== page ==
She is replaced by Nawaz Sharif, in the Pakistan Muslim League-Nawaz (PML-N) leader’s first stint as prime minister, setting in place a paradigm of revolving leadership between the two politicians that continues until the army, once again, loses patience.

By 1999, the relationship between Sharif in his second stint as premier and then-army chief General Pervez Musharraf is rapidly deteriorating. PML-Qousts Sharif in the country’s third coup.

Bhutto assassinated, eliminated ?

From Musharraf into democracy?

Musharraf names himself president in 2001 while remaining head of the army. He allows parliamentary and provincial elections in 2002, with his Pakistan Muslim League Quaid-i-Azam (PML-Q) winning a majority amid allegations of massive vote fraud.

General elections are finally held in 2008, weeks after Benazir Bhutto is assassinated. Musharraf concedes defeat and the PPP eventually forms a coalition government with Yousaf Raza Gilani as prime minister.

Gilani is not allowed to complete his term, ousted in 2012 over contempt of court charges, and is replaced by Raja Pervaiz Ashraf.

The 2013 elections represent Pakistan’s first ever democratic transfer of power. Nawaz Sharif, who went into exile after the 1999 coup but returned to the country in 2007, wins the contest in his most stunning comeback yet, becoming prime minister for the third time.

Nawaz versus a ‘silent coup’

Sharif again clashes with the military, this time over his efforts to seek better relations with arch-rival India. He is ousted by the Supreme Court following a corruption investigation in 2017, and banned from politics for life. He denies the allegations and loudly claims he is being targeted by the military.

An election is called for July 25. Sharif is sentenced to 10 years in prison for corruption and later arrested.

No Pakistani PM has ever completed their full term of five years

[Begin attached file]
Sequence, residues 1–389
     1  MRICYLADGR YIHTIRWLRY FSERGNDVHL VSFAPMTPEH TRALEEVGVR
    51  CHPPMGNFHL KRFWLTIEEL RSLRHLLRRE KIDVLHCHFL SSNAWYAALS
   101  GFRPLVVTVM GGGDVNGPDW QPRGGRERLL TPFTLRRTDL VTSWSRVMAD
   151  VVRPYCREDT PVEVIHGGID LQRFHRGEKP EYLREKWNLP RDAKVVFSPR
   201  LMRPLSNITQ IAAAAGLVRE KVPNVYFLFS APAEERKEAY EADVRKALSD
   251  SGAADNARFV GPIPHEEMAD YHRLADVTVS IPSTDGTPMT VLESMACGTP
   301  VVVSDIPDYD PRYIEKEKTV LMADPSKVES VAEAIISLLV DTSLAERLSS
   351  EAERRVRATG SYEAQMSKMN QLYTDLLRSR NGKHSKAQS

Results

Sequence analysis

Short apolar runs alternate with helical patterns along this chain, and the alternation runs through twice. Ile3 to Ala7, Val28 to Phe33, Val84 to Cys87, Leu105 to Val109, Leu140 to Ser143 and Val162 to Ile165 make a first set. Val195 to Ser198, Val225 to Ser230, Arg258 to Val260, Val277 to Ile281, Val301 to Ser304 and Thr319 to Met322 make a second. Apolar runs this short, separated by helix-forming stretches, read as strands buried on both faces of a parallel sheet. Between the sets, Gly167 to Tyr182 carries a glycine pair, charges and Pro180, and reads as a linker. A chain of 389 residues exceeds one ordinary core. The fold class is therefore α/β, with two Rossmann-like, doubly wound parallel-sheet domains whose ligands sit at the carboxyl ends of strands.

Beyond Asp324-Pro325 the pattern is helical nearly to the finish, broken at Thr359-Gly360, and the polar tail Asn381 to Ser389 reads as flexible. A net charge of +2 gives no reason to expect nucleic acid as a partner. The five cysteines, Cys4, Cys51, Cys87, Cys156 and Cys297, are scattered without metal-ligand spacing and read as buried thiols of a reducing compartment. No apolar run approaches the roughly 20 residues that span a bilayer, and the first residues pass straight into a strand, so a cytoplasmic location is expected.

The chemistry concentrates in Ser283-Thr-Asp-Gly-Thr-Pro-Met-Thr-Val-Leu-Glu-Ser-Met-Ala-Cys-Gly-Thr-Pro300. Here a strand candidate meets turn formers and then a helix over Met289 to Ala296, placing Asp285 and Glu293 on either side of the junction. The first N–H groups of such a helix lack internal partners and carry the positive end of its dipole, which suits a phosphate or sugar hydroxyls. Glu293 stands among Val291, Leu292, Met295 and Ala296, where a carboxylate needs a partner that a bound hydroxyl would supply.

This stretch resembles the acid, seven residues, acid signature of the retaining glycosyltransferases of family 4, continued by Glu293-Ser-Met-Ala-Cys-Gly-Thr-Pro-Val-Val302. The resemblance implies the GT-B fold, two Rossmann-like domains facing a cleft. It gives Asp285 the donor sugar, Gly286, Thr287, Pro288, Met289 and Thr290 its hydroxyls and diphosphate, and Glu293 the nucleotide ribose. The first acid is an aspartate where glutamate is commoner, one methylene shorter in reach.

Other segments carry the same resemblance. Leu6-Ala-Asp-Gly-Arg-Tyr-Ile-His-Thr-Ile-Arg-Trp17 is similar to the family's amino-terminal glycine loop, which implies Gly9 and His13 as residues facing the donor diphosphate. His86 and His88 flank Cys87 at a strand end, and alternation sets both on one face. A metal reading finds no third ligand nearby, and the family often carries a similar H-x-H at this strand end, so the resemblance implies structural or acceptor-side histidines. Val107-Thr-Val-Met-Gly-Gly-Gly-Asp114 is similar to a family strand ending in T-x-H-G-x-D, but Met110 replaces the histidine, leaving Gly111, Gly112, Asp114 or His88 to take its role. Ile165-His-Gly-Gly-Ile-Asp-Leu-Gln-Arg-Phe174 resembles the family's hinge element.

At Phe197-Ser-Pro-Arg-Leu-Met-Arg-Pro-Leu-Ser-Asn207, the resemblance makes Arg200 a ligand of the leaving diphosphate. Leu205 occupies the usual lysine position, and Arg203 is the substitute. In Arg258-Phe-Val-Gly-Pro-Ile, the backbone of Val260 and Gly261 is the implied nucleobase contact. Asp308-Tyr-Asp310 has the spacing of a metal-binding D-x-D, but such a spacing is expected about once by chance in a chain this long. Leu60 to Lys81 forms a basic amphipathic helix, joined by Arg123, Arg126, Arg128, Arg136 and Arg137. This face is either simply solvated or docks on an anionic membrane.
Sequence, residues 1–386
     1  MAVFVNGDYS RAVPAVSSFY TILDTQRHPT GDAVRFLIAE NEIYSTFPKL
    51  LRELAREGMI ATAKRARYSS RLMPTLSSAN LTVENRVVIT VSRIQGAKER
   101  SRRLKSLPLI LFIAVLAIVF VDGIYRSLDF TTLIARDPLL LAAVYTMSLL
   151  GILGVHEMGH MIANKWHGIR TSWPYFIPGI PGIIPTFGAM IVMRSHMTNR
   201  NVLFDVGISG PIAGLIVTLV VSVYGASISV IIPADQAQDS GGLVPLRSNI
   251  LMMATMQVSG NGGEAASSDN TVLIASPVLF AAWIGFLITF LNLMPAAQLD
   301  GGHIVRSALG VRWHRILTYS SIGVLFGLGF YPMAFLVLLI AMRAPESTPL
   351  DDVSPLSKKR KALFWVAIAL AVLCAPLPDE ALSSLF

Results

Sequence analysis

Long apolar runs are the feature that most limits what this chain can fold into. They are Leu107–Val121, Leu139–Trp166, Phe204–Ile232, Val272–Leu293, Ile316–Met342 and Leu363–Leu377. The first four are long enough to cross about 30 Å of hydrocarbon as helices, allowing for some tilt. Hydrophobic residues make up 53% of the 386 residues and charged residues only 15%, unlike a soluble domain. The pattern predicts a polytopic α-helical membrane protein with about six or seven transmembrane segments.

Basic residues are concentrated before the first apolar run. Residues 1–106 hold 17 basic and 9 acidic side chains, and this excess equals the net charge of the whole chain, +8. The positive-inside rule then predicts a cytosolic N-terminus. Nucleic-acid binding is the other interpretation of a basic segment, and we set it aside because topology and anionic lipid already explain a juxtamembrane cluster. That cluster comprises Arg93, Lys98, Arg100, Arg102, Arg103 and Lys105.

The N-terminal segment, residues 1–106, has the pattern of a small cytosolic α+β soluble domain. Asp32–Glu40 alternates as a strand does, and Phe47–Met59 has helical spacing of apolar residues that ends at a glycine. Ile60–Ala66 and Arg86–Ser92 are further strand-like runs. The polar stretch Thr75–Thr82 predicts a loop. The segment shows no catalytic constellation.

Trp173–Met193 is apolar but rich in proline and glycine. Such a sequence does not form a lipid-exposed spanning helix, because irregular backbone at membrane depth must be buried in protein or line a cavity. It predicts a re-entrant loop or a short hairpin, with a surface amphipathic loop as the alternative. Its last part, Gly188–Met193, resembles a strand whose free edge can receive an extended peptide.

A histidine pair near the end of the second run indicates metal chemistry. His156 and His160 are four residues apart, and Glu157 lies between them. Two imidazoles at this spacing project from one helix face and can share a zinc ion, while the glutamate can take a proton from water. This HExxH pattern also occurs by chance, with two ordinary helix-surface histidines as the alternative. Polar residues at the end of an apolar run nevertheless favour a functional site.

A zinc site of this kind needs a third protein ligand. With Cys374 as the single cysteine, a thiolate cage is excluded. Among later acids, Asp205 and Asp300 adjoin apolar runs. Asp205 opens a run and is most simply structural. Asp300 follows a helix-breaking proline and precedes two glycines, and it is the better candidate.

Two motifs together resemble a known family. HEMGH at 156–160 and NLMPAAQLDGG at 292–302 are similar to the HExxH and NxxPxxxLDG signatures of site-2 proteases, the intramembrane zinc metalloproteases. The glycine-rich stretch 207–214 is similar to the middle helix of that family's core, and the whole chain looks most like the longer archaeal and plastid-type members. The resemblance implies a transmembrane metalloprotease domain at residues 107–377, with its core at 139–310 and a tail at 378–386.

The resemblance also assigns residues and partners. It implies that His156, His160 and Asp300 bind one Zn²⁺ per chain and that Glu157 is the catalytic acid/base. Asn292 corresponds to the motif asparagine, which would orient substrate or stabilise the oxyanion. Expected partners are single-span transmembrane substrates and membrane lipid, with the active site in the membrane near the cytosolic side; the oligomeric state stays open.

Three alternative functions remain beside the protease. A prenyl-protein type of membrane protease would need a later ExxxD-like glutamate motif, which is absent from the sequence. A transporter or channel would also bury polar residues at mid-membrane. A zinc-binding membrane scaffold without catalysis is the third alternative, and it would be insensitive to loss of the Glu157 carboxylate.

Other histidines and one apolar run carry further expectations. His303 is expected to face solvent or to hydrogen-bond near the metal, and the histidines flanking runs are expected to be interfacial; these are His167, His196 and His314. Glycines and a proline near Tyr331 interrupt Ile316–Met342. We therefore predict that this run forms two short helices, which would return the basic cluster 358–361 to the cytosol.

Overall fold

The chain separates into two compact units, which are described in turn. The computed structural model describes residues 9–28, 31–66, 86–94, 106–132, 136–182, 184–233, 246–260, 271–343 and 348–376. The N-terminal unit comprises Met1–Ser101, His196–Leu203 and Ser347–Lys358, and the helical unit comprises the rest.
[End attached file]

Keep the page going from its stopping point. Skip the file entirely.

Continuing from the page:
Transparency and accountability are two fundamental columns of good governance, yet in Pakistan both are practised halfheartedly or used to tyrannise political opponents. Historically, accountability has been marred by the ruling elite’s preferences and ineffective institutions. Additionally, the politicisation of the bureaucracy and cronyism have enormously affected the professionalism of civilian institutions and therefore civil servants serve political interests instead of the state.

The deterioration of the civil services is also a reason behind military involvement in Pakistani politics, since people believe that the armed forces are professional and act based on state priorities. Likewise, public opinion tends to place military men ahead of politicians when it comes to advocating for accountability, since the masses believe military pursues accountability without political interests.

In a democracy, these imperfections and deficiencies debilitate the social, political, and economic milieus and decelerate development.  Meanwhile, coups cause a lack of military professionalism, trample on human rights, and encourage a one man show at the top stage of politics.

The denial of reality has become deeply ingrained in the psyche of an average Pakistani, who considers the Army as panacea of all ills and cannot look beyond that. The Army does not want to lose its self-prescribed role of the saviour and continues to remain the fulcrum of Pakistan as a nation.

Even after 71 years, hope for deliverance from these issues is missing from the manifestos of political parties therefore the coups will keep knocking.


19 Nov 18/Monday                                   Written by Afsana